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Nonprofit transparency watchdog Espacios Abiertos unveils Fiscal Observatory

Aware of the difficulties that people face in inserting themselves into government debates and decisions on fiscal and budget issues, nonprofit Espacios Abiertos analyzed thousands of documents from the past 16 years to develop the new Observatoriofiscalpr.com platform, which seeks to provide greater accessibility and narrow information gaps.

Daniel Santamaría-Ots, senior analyst of public policy at Espacios Abiertos, said the new tool is an interactive digital repository of information, initially on the budget and, gradually during this year, will be expanded to include topics such as public debt, municipal finances and economic recovery.

In terms of the budget, the platform includes graphs where users can access historical data (from 2006 to the present) of government income and expenses that can be viewed by subject areas (34), by agencies (133-170) or by programs (878).

The Espacios Abiertos team manually analyzed and entered 41,740 individual fields of about 2,128 documents, broken down into: 24,677 budget expense entries; 7,652 budget entries; and 9,411 budget program entries.

The website’s topics are addressed through guiding questions and timelines are also included to locate important dates, he said.

“Through the Fiscal Observatory we provide clear information to answer those questions that people have about the use of the money they pay in taxes and that many times they don’t find an answer. Our goal is for more people to learn about these issues and to be able to participate in the debate and decision-making,” said Santamaría-Ots, of the platform that was developed with grants from the Center on Budget and Policy Priorities, the Annie E. Casey Foundation and the Annenberg Foundation’s Metabolic Studio.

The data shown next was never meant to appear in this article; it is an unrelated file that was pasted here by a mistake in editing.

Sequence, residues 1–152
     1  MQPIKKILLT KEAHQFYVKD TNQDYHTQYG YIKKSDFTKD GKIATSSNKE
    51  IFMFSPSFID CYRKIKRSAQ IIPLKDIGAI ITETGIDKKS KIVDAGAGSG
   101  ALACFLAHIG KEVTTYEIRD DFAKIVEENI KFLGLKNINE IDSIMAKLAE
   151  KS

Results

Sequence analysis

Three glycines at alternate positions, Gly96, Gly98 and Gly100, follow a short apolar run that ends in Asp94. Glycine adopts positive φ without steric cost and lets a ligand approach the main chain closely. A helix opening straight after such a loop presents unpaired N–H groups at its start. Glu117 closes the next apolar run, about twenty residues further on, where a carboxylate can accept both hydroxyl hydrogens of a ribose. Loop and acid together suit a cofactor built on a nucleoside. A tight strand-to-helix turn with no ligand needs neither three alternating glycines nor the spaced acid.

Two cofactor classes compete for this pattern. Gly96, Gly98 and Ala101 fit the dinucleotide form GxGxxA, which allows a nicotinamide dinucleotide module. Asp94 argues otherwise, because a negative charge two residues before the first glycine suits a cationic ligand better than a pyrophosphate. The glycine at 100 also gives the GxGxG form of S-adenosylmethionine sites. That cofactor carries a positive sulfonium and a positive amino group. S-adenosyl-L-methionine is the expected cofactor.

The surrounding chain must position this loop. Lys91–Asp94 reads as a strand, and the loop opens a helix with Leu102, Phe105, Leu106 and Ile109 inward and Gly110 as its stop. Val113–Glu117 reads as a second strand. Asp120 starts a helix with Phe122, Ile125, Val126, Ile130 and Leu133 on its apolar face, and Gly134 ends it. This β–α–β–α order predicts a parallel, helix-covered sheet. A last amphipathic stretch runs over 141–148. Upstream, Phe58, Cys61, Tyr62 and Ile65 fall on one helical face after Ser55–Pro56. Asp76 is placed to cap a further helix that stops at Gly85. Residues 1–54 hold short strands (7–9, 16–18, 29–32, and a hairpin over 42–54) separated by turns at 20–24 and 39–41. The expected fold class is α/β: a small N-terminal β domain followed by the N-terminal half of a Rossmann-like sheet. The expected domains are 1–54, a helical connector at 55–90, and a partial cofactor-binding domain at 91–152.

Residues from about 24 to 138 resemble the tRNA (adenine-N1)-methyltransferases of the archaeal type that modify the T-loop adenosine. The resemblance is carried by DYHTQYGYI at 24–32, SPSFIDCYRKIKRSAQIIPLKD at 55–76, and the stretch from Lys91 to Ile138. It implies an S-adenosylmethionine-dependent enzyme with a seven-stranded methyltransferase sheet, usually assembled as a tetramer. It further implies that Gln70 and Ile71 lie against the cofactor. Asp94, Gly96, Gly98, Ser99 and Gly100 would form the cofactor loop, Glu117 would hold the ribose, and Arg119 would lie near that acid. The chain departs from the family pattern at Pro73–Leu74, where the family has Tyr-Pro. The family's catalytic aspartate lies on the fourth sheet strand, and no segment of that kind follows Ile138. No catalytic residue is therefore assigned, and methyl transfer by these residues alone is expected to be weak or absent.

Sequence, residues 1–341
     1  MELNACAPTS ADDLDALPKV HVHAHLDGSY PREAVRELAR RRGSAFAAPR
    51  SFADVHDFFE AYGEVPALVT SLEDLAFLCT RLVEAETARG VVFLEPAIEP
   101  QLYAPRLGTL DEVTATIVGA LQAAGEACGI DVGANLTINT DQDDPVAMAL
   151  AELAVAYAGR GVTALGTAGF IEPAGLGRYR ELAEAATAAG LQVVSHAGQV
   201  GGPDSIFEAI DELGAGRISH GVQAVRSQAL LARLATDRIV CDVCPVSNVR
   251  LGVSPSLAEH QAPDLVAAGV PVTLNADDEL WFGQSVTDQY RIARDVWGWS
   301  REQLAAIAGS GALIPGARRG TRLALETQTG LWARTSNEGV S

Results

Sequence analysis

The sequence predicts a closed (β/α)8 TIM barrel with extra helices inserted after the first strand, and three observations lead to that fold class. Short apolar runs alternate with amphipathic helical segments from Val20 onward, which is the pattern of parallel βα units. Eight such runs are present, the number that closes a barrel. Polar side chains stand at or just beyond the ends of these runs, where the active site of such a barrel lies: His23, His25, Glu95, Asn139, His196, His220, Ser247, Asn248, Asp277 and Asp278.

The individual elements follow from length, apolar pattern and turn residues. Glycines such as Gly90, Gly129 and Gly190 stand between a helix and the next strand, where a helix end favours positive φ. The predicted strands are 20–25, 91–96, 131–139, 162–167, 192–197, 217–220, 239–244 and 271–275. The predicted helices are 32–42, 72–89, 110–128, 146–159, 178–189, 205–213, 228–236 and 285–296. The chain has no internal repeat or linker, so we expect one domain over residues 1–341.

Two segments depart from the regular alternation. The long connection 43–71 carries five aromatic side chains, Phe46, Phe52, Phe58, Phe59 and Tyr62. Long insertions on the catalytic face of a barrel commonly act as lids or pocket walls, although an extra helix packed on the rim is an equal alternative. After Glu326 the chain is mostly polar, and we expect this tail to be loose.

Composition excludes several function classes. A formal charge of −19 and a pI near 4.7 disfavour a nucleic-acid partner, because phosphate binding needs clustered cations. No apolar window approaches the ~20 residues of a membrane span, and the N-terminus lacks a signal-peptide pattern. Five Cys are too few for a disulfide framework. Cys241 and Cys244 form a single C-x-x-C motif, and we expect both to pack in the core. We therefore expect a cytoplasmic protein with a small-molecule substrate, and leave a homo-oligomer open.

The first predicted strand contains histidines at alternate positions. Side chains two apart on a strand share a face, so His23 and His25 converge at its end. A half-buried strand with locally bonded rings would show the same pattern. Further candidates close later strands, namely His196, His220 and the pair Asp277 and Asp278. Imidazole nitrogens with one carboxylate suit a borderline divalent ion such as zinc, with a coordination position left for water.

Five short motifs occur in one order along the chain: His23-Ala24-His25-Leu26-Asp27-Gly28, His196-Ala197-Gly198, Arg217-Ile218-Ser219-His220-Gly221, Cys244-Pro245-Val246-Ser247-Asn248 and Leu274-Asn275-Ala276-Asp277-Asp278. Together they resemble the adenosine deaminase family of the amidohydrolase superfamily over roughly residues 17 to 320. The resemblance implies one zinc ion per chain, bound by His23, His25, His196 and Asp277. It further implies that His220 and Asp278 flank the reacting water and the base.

The economist also explained that the information that was analyzed and the data entered into the website begins in 2006 because the current economic crisis in Puerto Rico began that year.

“At a time when the discussion of the budget process between the governor, the Financial Oversight and Management Board for Puerto Rico and the Legislative Assembly begins, we have no doubt that this platform will be a very useful tool for experts and academics as well as for the ordinary citizen, and that it can be an instrument for a conscientious debate on government revenue, its commitments and public spending,” he said.

Meanwhile, Cecille Blondet, executive director of Espacios Abiertos, said the nonprofit seeks to “continue creating new tools that promote greater fiscal transparency of government efforts and that facilitate citizens’ access to information on what government does with the money they get from taxpayers. People have the right to know and decide whether they agree with the decisions.”

“Making the government’s economic issues transparent has been a routine practice for decades in many jurisdictions in the United States and in other countries. Our goal is to change the culture of obscurity that has been cultivated in Puerto Rico,” she added.

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This story was written by our staff based on a press release.

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